Are You a Good Judge of People?
Two women smiling

I stumbled across a useful article in the “Harvard Business Review” by Anthony K. Tjan, entitled “Becoming a Better Judge of People” (June 17, 2013). The article caught my interest because I am frequently struck by the way people tend to discount important clues about others, brushing them off as if they are not important. Invariably, they wonder why they were disappointed or let down when they have missed signs that are often obvious to others. There are several tips toward becoming more attuned to people’s attitude, intentions, work ethics, interpersonal interactions and overall personality profile. The author collected key questions that improve one’s ability to accurately judge personality characteristics. I am sharing the ones that I believe are most striking below:

  1. What is the talk-to-listen ratio? Ask yourself if this person is talking about only himself and not inquiring about you. You want to be around people who are confident but not “full” of themselves and forget that the world does not revolve around them. Someone engaging in a monologue of chatter may also be exhibiting nervousness.
  2. Is this person an energy-giver or -taker? Surround yourself with people who emit positive versus negative energy. If you become mindful of yourself and your surroundings, you can feel the difference in this type of energy. You will be in a healthier and more successful and productive environment if you interact with energy-givers.
  3. Does this person feel authentic or overly deferential? Consider whether a person tends to overuse praise and flattery when they communicate with you. Such people typically are insecure in their abilities and/or confused about their loyalty to others. Confident people don’t feel the need to exhibit these behaviors; they are comfortable with their abilities, open to constructive feedback, and pleasant to work with.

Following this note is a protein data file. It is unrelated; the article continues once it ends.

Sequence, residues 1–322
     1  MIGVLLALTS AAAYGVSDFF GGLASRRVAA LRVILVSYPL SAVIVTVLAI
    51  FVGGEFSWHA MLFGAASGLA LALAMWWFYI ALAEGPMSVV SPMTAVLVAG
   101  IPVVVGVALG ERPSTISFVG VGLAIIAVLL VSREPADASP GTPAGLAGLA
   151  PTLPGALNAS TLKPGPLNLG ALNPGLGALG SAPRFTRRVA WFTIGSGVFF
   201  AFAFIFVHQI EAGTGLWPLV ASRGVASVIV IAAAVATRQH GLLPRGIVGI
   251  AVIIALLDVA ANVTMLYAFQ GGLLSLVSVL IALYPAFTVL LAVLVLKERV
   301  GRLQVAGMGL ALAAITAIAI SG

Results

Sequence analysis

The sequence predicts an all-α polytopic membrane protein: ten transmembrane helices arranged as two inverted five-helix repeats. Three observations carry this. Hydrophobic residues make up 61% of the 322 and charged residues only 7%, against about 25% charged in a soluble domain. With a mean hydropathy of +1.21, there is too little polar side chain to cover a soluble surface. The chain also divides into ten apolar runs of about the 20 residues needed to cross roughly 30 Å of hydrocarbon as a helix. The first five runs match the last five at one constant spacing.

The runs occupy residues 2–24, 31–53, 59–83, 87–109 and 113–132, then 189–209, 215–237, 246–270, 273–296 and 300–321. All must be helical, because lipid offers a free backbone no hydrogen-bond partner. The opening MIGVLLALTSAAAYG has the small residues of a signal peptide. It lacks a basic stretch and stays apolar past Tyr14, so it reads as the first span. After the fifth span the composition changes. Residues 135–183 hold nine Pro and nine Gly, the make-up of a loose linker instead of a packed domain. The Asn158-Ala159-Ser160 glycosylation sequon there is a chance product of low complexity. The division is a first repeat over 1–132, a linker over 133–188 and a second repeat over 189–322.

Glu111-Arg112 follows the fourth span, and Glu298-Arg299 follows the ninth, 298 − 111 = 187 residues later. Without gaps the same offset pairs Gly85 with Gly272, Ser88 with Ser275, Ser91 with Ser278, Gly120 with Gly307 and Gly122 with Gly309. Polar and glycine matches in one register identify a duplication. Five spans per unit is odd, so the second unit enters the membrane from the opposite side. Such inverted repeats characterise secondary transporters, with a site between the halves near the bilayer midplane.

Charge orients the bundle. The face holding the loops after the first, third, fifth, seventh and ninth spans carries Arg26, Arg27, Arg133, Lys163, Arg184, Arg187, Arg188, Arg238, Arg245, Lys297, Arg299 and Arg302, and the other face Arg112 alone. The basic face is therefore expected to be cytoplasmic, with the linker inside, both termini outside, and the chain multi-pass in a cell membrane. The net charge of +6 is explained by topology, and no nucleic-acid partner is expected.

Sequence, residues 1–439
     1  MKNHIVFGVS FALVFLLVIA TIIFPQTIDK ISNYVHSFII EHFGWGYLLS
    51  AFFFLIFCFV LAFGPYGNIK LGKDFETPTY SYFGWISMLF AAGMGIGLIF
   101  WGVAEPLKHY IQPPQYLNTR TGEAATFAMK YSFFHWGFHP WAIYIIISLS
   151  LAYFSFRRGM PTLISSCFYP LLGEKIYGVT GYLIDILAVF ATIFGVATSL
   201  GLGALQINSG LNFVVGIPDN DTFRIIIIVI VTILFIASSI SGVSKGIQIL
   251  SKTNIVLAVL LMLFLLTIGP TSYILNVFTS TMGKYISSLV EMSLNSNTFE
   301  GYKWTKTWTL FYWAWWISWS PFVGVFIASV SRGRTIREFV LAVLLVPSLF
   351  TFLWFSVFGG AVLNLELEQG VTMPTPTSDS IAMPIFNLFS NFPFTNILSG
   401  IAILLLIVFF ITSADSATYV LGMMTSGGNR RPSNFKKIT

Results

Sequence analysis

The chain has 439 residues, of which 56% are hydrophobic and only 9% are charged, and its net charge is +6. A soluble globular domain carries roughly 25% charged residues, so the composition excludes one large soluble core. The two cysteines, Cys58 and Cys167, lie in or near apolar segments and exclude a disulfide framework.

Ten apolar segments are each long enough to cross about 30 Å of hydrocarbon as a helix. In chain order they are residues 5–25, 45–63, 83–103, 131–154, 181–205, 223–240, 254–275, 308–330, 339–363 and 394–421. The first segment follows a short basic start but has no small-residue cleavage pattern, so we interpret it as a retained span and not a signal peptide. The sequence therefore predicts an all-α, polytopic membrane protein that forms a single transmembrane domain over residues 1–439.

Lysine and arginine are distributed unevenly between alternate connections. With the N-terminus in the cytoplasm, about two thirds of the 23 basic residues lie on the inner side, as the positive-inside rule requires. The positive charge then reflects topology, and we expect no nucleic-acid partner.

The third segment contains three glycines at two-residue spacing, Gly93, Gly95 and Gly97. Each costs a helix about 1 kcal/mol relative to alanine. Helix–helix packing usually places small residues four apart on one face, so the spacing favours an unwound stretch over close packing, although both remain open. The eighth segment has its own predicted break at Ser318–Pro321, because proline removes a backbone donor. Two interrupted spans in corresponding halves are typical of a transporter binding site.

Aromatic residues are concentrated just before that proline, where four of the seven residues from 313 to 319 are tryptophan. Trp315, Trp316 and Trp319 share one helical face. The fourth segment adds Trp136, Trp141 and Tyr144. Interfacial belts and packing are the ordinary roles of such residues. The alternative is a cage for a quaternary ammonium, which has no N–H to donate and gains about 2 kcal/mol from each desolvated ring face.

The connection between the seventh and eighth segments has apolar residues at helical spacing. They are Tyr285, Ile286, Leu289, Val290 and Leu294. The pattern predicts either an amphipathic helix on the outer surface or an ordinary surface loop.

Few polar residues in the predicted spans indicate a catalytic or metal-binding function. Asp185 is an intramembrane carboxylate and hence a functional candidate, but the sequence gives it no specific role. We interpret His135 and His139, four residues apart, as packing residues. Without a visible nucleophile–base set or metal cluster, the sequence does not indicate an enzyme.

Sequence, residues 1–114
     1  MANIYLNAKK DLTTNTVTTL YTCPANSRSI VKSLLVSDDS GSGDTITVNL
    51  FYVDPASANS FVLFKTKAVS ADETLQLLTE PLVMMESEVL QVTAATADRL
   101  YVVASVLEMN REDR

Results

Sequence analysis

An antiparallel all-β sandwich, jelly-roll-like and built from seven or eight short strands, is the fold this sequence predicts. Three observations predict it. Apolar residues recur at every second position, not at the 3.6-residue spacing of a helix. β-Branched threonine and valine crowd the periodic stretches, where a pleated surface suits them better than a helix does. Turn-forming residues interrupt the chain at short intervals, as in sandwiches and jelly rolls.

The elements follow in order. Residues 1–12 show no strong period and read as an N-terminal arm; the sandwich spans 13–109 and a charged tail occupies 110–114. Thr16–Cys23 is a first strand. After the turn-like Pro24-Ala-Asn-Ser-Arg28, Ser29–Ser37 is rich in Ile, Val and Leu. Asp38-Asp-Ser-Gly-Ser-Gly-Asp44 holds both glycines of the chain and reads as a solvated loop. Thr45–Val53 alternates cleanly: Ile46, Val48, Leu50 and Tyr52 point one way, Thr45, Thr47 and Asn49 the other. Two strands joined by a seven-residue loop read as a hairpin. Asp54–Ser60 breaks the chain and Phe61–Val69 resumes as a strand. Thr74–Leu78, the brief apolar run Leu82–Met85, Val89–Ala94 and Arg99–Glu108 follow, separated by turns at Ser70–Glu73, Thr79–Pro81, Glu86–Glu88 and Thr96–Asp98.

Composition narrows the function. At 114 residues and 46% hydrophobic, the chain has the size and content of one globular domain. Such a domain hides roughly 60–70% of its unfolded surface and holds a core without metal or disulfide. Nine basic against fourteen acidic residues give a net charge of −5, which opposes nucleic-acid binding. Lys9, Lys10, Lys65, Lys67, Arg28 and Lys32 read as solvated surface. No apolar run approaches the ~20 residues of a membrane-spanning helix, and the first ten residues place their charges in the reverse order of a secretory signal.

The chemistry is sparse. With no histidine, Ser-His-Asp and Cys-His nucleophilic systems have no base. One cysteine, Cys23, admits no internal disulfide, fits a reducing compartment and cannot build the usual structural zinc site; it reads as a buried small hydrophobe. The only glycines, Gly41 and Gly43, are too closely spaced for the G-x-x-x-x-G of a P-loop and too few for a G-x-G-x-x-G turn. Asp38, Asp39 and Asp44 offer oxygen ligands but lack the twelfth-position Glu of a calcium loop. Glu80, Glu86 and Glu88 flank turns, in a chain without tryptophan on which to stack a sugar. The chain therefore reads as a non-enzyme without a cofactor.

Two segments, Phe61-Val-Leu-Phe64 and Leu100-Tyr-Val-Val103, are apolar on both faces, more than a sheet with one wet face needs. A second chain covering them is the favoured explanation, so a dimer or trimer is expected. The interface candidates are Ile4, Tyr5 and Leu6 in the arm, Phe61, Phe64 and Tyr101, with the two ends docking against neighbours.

4. How does this person treat someone she doesn’t know? Oh, this is a good one. I have witnessed many clients, workers, bosses, and socialites who “suck up” to those they believe are more successful and powerful than they are, in attempts to get ahead in life (or so they believe). Observe whether someone is kind to a waiter, secretary, or a taxi driver. Is this person kind to such personnel, or does she ignore them or treat them rudely? Who would you want to spend time with in a social or work setting?
  5. Would you ever want to go on a long car ride with this person? The answer to this question is a very telling of your feelings of this person. If your initial reaction is “No way!,” then it probably would not be in your best interest to befriend this person or work with him. On the other hand, if you could envision looking forward to such a drive, then you have your answer about your feelings and thoughts about this person’s character.
  6. Do you believe this person is self-aware? We all witness and cringe at the contestants on “American Idol” who think that they are good singers when, in fact, it is quite painful to hear them sing. Is this person truthful about her strengths and limitations? Does she seek constructive feedback to make her a better person? The author suggests looking for humility and congruence between what the person thinks, says and does to accurately judge their true nature.

Read the full article by Mr. Tjan here.